— Memoirs of Mr. Charles J. Yellowplush - The Yellowplush Papers • William Makepeace Thackeray

... to refuse any offered civility, and therefore accepted the offer; and in a little time, a young woman who was in the back part of the hut, set before me some broiled fish and parched maize. After I had eaten, my friendly host inquired into my country and the reasons of my visit. I was just enough acquainted with the language he spoke to be able to understand him, and to give an intelligible though imperfect answer. I therefore explained to him, as well as I was able, that I had crossed the great water ...
— The History of Sandford and Merton • Thomas Day

... respect for himself, he ought to have some for his children. Think of your dad being out with his little girls on a trip like this and getting into such a condition," stormed their host. The boys made little reply, for nothing they could say could mend matters nor make them less mean. As for Henry Hill, he was past all feeling or consideration, being as stupid as if he were not a man at all. He hardly knew when he was placed ...
— The Hero of Hill House • Mable Hale

... expect, but he was glad to see all of us. He patted Marjorie on the cheek, pinched Vee by the ear, and slapped Ferdie on the back so hearty he near knocked the breath out of him. So far as our genial host could make it, it was a gay and festive scene. Best of all too, I'd been put next to Vee, and I was just workin' up to exchangin' a hand squeeze under the tablecloth when, right in the middle of one of Pa Pulsifer's best stories, there floats in through the open windows a crash that makes ...
— Torchy, Private Sec. • Sewell Ford

... his host of passive enemies, Tarzan of the Apes added that day two active foes, both of whom remained awake long into the night planning means of revenge upon the white devil-god who had brought them into ...
— Jungle Tales of Tarzan • Edgar Rice Burroughs

... farmer in New Iceland, and for long known as "a man's best friend"—has now for the most part come to serve the well-to-do who can afford to use it for their joy-rides, its place in farmwork being taken by modern agricultural machinery. As a means of travel it has been replaced by a host of motorcars, and by aeroplanes, which in Iceland are as commonly used in going from one part of the country to another as railway trains in other countries. In fact, it has not been found feasible to build railways in Iceland. Besides ...
— Seven Icelandic Short Stories • Various

... whole landscape like a sheet of saffron. Primroses and cowslips are of course paler still. The ubiquitous dandelion is likewise golden; then we have birdsfoot trefoil, ragwort, agrimony, silver-weed, celandine, tormentil, yellow iris, St. John's wort, and a host of other flowers of the same hue. In autumn comes the golden corn; and later on in mid winter we have pale jessamine and lichen thriving on the cottage walls. So throughout the year the Cotswolds are never without this colour of saffron or gold. Only ...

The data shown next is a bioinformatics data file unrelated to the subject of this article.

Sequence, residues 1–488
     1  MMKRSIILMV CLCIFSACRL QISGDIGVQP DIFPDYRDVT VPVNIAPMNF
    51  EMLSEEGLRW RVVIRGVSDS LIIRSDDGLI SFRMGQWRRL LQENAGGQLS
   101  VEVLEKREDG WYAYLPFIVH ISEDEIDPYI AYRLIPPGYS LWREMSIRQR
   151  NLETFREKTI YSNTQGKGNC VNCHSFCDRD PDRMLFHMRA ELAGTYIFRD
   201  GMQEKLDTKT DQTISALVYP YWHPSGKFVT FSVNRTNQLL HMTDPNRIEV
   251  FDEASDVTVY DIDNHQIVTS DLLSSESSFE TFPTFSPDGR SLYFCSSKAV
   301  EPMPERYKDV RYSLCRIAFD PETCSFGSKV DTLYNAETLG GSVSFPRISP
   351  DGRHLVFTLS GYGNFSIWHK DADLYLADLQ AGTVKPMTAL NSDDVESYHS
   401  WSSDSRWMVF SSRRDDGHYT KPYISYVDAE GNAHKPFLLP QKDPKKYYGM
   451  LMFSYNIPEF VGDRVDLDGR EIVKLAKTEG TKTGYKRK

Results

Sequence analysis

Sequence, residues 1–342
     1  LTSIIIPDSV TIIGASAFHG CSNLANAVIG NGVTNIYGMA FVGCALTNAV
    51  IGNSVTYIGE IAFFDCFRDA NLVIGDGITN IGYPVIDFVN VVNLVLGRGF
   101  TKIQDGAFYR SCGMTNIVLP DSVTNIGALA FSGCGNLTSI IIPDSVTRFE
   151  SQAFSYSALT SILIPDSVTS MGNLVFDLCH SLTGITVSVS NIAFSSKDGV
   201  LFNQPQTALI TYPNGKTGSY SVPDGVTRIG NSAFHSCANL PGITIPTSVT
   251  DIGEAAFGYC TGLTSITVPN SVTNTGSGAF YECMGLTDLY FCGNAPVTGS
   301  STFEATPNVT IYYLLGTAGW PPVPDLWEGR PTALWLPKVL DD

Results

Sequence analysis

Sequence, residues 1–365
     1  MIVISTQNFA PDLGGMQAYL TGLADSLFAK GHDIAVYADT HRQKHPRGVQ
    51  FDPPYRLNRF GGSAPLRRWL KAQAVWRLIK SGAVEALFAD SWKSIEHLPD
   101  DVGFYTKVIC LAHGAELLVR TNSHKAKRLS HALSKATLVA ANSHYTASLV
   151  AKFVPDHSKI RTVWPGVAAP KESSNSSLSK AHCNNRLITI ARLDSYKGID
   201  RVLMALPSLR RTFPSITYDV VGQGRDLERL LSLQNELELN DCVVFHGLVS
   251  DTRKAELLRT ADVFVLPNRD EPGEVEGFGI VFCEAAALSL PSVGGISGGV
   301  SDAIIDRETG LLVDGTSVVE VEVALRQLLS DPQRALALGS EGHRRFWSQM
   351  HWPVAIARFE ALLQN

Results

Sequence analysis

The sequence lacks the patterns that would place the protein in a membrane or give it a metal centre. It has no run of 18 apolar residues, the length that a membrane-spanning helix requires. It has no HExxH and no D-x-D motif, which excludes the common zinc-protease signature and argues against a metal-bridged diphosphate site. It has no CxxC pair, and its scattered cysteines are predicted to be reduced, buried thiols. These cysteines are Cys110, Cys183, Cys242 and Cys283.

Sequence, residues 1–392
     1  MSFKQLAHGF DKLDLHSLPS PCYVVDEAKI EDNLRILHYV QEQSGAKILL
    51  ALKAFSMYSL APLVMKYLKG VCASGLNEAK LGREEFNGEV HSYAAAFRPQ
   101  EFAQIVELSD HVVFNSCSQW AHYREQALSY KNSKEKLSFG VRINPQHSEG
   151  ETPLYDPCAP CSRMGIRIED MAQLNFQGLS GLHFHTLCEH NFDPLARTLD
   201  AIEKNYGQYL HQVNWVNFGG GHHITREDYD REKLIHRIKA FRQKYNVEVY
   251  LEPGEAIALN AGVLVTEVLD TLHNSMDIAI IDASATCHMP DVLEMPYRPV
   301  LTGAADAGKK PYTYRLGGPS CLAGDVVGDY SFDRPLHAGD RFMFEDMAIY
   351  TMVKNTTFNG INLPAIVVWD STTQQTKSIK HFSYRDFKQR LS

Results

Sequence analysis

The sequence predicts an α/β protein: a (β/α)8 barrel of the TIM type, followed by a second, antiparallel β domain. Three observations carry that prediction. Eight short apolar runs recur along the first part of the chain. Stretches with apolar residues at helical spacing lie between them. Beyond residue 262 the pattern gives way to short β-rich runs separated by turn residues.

— A Cotswold Village • J. Arthur Gibbs

... effusions of long suppressed envy, some few of the company attempted a slight word or two of apology for their host and hostess; and the most humane went up to the wretched woman's bedchamber, to offer assistance and advice. But the greater number were occupied in tucking up their white gowns, finding their clogs, or calling for hackney coaches. In less than a quarter of an hour the house was clear ...
— Tales & Novels, Vol. 2 • Maria Edgeworth

... became quite furious, and began to talk about the ease, with which the Malays might murder us all. Some of them even drew their daggers, and shewed how they were tipped with poison. They looked, indeed, more like a host of devils, than a company of human creatures. On a sudden they all jumped up, and seemed to rush upon me. I commended my soul to the Lord, and called upon Him for deliverance, awaiting the issue in silence, when, to my surprise, they quitted the room, one by one, and left ...
— Letters on the Nicobar islands, their natural productions, and the manners, customs, and superstitions of the natives • John Gottfried Haensel

... reiterated in previous references to subject. It was then that BONNER LAW, with rare dramatic gesture, gave the command, "Ring down the curtain!" "It is the end of the Act, but not of the play," he added amid loud cheers from host behind him, reinforced this afternoon by arrival of recruits from North-East Derbyshire and Ipswich. "The final Act in the drama will be played not in the House of Commons, but in the country, and there, Sir, it ...
— Punch, or the London Charivari, Vol. 146, June 3, 1914 • Various

... heart is all light enough!" said Miss Grace; "and I don't doubt his love. He's the best, noblest, most affectionate fellow in the world. I only think he reckons without his host, in thinking he can keep all our old relations unbroken, when he puts a new mistress into the house, and such ...
— Pink and White Tyranny - A Society Novel • Harriet Beecher Stowe

... time that day. The road was already cut up and at the crossings of the swales the sod on which we relied to bear up our wheels was destroyed by the host of teams that had gone on before me. That endless stream across the Dubuque ferry was flowing on ahead of me; and the fast-going part of it was passing me every hour like swift schooners outstripping a slow, round-bellied ...